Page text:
trust brown

But there is hope. The same poll found that 58% of employees who had strong trust in their management were ‘completely satisfied’ with their jobs and 63% would consider spending the rest of their careers with their organizations.

It’s indisputable – there is a direct link between trust in leadership and employee engagement and retention.

As we show in the research for our book The Secret Sauce: Creating a Winning Culture, employees who work for an organization defined by trust feel valued, work harder, experience greater satisfaction, and do not think about leaving for somewhere else. They belong, contribute, and make a difference.

An annual survey of “Best Places To Work In America’ found that the most appealing workplaces were distinguished by high levels of trust, cooperation, and commitment and did better than their peers and competitors in these ways:

  • They have stronger long-term financial performance
  • They experience lower turnover
  • They receive more job applications
  • They are more diverse in their employee/volunteer base

Inspired by these workplaces and others which we visited and chronicled in our book, we discovered four components which go into creating trustworthy leadership:

  1. Dependability
  2. Communication
  3. Learning
  4. Integrity

Find an hour of quiet ‘on the balcony’ time. Work carefully and thoughtfully through that list of four. Define them for yourself. And then take an honest look at your organization and rate yourself on a scale of 1-5 for each measure. Where can you celebrate? Where can you initiate enhancement efforts?

Are You Dependable?


October 11, 2016

mountain-climb-link

Our research and experience reveals that there are four components that go into the trustworthy leadership which is an inevitable predictor of employee engagement:

  1. Dependability
  2. Communication
  3. Learning
  4. Integrity

Let’s look at the first component –  Dependability.

A person or organization is dependable if it can be relied upon to act in certain ways. If I do what I promise, over and over, you will view me as trustworthy and dependable. Same thing for an organization.

Dependable organizations say what they mean and mean what they say. They can be relied upon when the chips are down. In situations where lesser organizations might succumb to pressure and break their word, dependable organizations keep the faith even when the short term price feels too high. As a result, people like doing business with and working for dependable organizations.

We’ve found three characteristics of dependable organizations.

  1. They make and keep promises. This is the social and leadership contract that makes organizations of all kinds – business, governments, churches, charities, families – possible. It is the necessary foundation for trust, which is the necessary foundation for loyalty, safety, and engagement.
  2. They are consistent. Over time, dependable organizations, like dependable people, act in ways consistent with their stated values. No matter the internal stressors or external pressures, these organizations act just as they have in the past, securing the present and creating trust in the future. What was important yesterday will be important today and will be important tomorrow.
  3. They are predictable. Consistency looks to past experience. Dependability is more than a promise – it is a commitment rooted in a track record. When we have confidence that we can predict the behavior of a person or organization then we can have trust in that person or organization. Our faith in them won’t be disappointed.

At TAG Consulting, one of our highest aspirations is to help organizations live into their true selves, consistent with their values, creating a climate and culture of dependability where employees are fulfilled and fully engaged.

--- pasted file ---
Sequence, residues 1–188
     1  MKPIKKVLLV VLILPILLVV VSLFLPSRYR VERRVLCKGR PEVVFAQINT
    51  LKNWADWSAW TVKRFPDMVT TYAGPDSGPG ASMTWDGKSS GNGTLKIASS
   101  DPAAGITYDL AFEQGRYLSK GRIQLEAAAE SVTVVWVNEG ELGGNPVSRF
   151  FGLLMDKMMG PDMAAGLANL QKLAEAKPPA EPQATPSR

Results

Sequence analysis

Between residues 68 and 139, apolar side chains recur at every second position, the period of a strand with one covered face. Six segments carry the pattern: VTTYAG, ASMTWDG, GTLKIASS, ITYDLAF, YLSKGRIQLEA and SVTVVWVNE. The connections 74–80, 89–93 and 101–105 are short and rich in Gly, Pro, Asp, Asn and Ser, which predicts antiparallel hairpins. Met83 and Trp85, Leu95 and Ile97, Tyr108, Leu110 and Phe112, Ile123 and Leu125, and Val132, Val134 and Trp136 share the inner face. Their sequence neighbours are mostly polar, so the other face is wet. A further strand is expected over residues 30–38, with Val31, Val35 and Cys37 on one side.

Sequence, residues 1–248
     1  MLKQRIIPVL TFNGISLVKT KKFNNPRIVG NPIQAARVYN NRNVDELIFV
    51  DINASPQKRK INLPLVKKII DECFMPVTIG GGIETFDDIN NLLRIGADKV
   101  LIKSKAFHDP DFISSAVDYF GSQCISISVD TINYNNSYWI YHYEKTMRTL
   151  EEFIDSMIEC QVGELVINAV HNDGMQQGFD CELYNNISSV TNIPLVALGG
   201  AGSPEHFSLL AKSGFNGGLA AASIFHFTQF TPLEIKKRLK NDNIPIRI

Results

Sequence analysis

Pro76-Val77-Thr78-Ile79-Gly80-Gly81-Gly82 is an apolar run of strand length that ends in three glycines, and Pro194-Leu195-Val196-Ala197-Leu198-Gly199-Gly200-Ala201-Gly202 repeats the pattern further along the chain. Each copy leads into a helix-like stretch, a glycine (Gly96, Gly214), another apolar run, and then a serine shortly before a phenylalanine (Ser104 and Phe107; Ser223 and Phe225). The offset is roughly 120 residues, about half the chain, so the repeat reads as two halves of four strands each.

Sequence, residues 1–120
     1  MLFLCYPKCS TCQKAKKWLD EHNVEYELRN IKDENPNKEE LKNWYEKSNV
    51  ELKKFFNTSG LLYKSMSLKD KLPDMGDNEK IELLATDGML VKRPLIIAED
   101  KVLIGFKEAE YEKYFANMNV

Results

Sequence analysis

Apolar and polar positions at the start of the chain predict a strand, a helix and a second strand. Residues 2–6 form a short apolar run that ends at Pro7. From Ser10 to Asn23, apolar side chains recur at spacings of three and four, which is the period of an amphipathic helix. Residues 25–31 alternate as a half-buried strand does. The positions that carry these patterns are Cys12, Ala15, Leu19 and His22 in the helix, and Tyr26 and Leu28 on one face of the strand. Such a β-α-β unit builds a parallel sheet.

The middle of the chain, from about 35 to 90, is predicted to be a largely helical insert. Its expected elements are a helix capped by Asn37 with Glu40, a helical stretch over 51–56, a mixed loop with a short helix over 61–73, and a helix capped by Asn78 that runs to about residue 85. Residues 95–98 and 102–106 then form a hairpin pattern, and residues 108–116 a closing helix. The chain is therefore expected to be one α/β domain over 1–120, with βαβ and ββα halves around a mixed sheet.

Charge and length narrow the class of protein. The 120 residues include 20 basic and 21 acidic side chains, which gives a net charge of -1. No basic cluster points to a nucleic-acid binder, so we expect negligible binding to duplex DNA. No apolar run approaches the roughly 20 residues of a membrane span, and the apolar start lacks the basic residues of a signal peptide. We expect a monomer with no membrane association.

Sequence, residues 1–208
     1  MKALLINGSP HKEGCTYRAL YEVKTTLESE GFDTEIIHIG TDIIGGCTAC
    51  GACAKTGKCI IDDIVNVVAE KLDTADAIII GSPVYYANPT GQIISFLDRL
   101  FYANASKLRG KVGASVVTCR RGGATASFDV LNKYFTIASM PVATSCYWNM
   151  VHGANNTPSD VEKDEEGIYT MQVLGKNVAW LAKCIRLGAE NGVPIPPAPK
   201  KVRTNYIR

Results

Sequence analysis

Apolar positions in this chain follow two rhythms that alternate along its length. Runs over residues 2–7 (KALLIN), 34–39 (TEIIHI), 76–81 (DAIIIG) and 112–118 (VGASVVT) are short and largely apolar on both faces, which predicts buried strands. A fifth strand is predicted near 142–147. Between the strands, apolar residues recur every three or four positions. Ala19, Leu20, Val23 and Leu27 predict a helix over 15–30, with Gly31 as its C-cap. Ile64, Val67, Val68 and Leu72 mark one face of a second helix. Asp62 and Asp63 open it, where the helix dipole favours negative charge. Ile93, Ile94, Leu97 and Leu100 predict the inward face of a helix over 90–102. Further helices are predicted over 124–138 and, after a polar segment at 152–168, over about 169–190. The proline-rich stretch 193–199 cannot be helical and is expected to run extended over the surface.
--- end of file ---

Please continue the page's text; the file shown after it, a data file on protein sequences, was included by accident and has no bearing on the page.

To read more about Dependability as one of the four factors that lead to high-level employee engagement, check out our book The Secret Sauce: Creating A Winning Culture.

4 Unmistakable Signs of Employee Engagement


October 5, 2016

airplanes-four

At TAG, we conducted a multi-year research project to identify organizations with the strongest and best cultures – those that could be counted on for operational stability and integrity. These were extraordinarily well-managed enterprises.

We discovered that these enterprises had highly engaged employees who have a hard-wired desire to contribute, to belong, and to make a difference. No surprise, right?

What frames our work with organizations today is our passion to see them develop these four characteristics of workplaces with high levels of employee engagement:

1. Team members consider themselves to be empowered.
2. There is a culture of collegiality.
3. Management attracts top talent and rewards them accordingly.
4. Team members are fully engaged in their work and the mission of the organization.

Those four characteristics can serve as an initial checklist to you as you journey with us on the quest to craft healthy, winning organizational cultures.
The only place to start is at the beginning!

So, how does your organization measure up – on a scale of 1-5 – on each of these four characteristics?

Want to know exactly how engaged your employees are? Our online employee survey, The Engagement Dashboard (TED) offers unparalleled insight into the opportunities and challenges your organization faces. TED will reveal the keys to unlocking your healthiest organizational culture Find out more today by clicking here.

The Four Signs of Employee Engagement


August 1, 2016

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In our multiyear study of organizations we found that those with the strongest and most healthy cultures could be relied upon for operational stability and integrity. They were extraordinarily well-managed enterprises.

And they had highly engaged employees, who demonstrated an innate desire to contribute, to belong, and to make a difference.

We have found that organizations with high levels of employee engagement typically have these four characteristics:

  1. Team members consider themselves to be empowered.
  2. There is a culture of collegiality.
  3. Management attracts top talent and rewards them accordingly.
  4. Team member are fully engaged in their work and in the mission or their organization.

If your organization is characterized by these four traits you can be assured either that your employees are engaged – which makes a profound difference for your bottom line – or that they are well on their way. If you are falling short in any of the four areas, there is a great opportunity for game-changing intervention on your part.

It’s important to assess whether or not your organization is characterized by these four things. But it can also be a challenge to assess yourself objectively!

That’s where The Engagement Dashboard (TED) comes in.

We have gathered data from hundreds of companies and thousands of employees from all three sectors in American organizational life – public, private and social.

An easy to use online employee survey, TED reveals the current culture of an organization, its hidden capacities and potential, and enables leaders to craft cultures that fully engage the talents and hearts of their people.

To find out more and to insure that you are on your way to a fully engaged workforce, click here!